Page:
Large GI Bill Expansion Breezes Through Its First House Hearing Without Opposition
The changes to education benefits for veterans in a new House bill are numerous, including the end of a 15-year deadline for veterans to use their GI Bill after leaving the service, reimbursements for veterans whose schools abruptly close and boosts in aid for Purple Heart recipients, dependents, technical education and members of the National Guard and Reserve.
Altogether, HR 3218 combines 18 different bills and about 30 provisions put forth by Democrats and Republicans.
Though the scope of the legislation is large, nothing in it prompted opposition or controversy Monday night, during a hearing that will be the House’s closest examination of the bill. Sixteen people testified, and all but one of the 24 members on the House Committee on Veterans’ Affairs waived their usual five minutes to ask questions.
Rep. Jack Bergman, R-Mich., asked Curtis Coy, a Department of Veterans Affairs undersecretary, the biggest challenges in implementing the legislation.
“I think across the board when you talk to the people who work at the VA, this bill is an exciting bill for lots of reasons,” Coy said. “Probably my biggest concern is [information technology]. Almost all of these sections require some degree of changes in our IT system, and that’s what concerns me the most.”
VA Secretary David Shulkin expressed his support for the GI Bill expansion earlier Monday on Twitter, saying it would “strengthen an important benefit used by many.”
The committee is set to vote Wednesday morning on the bill. House Majority Leader Kevin McCarthy, R-Calif., said Monday that he wanted to schedule the bill for a vote on the House floor within the next week.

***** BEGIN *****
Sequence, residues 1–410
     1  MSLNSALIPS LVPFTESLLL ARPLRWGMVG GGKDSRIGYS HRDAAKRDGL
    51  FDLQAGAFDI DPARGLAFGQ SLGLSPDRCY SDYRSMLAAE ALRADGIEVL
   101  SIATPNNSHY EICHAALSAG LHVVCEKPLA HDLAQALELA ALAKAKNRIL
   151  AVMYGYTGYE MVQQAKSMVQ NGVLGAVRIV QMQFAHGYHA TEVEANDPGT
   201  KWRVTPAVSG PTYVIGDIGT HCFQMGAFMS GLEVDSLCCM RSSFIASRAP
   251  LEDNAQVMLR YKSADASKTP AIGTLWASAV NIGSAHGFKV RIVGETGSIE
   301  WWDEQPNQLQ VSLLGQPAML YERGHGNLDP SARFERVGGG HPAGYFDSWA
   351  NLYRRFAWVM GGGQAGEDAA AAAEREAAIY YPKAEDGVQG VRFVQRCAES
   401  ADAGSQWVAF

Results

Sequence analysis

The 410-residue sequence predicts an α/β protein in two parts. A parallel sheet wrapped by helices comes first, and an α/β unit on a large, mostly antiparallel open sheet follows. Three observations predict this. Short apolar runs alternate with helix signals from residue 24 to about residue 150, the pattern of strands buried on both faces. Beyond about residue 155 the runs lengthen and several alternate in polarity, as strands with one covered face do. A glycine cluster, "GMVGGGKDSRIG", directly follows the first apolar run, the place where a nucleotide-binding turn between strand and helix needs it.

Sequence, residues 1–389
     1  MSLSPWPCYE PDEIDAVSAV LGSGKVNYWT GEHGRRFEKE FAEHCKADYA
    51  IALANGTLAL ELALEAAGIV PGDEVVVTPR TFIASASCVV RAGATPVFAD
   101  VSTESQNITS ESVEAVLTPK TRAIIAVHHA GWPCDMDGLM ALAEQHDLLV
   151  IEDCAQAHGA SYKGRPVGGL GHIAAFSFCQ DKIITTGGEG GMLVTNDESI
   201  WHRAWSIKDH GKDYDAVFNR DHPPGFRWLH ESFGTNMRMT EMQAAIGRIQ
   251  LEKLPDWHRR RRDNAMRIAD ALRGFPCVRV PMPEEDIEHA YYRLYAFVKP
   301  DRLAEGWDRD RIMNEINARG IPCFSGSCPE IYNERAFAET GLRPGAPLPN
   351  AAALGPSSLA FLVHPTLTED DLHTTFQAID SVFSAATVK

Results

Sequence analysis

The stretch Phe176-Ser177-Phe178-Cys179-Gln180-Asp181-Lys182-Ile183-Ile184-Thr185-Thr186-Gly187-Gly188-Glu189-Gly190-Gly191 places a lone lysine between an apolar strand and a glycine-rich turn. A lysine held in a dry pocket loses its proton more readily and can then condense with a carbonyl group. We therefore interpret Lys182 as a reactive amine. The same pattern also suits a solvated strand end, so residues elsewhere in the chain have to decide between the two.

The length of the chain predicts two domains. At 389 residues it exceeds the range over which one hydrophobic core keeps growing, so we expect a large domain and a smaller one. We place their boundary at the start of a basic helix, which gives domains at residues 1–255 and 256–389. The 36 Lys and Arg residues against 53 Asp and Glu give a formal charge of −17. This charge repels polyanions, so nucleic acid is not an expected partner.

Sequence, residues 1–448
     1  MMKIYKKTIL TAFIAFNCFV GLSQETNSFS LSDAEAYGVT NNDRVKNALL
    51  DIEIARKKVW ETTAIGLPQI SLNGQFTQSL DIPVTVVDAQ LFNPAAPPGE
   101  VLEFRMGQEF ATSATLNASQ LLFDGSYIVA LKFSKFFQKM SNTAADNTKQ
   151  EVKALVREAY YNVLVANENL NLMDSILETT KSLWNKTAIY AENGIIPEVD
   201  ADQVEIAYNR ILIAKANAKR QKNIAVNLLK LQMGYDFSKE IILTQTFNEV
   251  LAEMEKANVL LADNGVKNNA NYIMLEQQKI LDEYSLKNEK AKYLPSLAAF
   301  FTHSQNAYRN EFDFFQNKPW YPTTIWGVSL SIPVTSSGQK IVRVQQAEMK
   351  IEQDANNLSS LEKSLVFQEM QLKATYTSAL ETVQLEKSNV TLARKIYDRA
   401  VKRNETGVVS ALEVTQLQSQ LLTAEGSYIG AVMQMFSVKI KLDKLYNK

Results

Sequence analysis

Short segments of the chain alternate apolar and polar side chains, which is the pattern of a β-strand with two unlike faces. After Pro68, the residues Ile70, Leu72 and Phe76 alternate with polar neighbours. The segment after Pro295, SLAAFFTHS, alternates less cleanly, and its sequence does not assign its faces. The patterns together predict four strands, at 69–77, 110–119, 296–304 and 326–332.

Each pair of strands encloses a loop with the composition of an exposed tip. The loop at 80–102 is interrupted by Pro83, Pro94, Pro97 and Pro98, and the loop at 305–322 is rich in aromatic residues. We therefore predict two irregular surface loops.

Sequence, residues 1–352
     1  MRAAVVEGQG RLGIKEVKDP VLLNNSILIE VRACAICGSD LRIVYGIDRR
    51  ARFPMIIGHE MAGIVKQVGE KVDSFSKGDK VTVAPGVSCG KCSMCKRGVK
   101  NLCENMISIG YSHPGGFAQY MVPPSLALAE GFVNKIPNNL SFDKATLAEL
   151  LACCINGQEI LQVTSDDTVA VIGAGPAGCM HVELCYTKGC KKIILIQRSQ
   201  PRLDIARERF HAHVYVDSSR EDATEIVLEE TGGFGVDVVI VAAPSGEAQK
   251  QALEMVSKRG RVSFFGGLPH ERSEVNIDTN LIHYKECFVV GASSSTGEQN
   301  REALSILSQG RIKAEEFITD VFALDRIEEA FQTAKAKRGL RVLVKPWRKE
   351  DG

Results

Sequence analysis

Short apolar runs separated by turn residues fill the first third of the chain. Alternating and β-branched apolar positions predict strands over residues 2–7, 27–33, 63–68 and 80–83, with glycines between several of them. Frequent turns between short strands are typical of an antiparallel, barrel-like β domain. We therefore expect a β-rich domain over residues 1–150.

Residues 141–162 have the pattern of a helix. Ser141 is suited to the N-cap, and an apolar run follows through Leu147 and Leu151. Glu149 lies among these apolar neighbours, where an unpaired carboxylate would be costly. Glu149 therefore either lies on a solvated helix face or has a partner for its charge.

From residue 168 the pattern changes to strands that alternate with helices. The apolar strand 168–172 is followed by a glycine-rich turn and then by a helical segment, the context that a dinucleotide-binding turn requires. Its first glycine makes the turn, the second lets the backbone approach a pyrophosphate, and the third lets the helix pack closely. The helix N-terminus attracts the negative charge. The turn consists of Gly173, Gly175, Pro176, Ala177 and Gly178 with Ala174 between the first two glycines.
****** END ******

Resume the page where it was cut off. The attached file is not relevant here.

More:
McCarthy, Rep. Phil Roe, R-Tenn., the committee chairman, and Rep. Tim Walz, D-Minn., the committee’s ranking Democrat, lauded the process as the way Congress should work.
“This committee has shown time and again a bipartisan way on how to govern. It’s an example for all of our committees and a model for our colleagues,” McCarthy said.
The legislation was put together by lawmakers over the last several weeks. Negotiations were reignited by a group of veterans organizations, primarily Student Veterans of America, following a rift between organizations in April about how to pay for the GI Bill expansion. Walz said it was almost a “death knell” for the bill.
The expansion is estimated to increase GI Bill costs by $3 billion in 10 years. To pay for it, the proposal now calls for decreasing living stipends to GI Bill recipients to fall in line with active-duty servicemembers’ basic housing allowance. The change would not apply to people currently using the GI Bill.
“We’ve had a hiccup or two getting where we are tonight,” Roe said. “Wednesday we’re going to mark this up and hopefully get unanimous consent.”
After the House committee introduced the legislation Thursday, Sen. Johnny Isakson, R-Ga., and Sen. Jon Tester, D-Mont., leaders of the Senate Veterans’ Affairs Committee, announced their intent to follow with their own version. A bill had not been introduced in the Senate as of Monday.
“If student veterans sat down to write a bill, it would look like this,” said Will Hubbard, vice president of Student Veterans of America. “We look forward to similar success in the Senate.”
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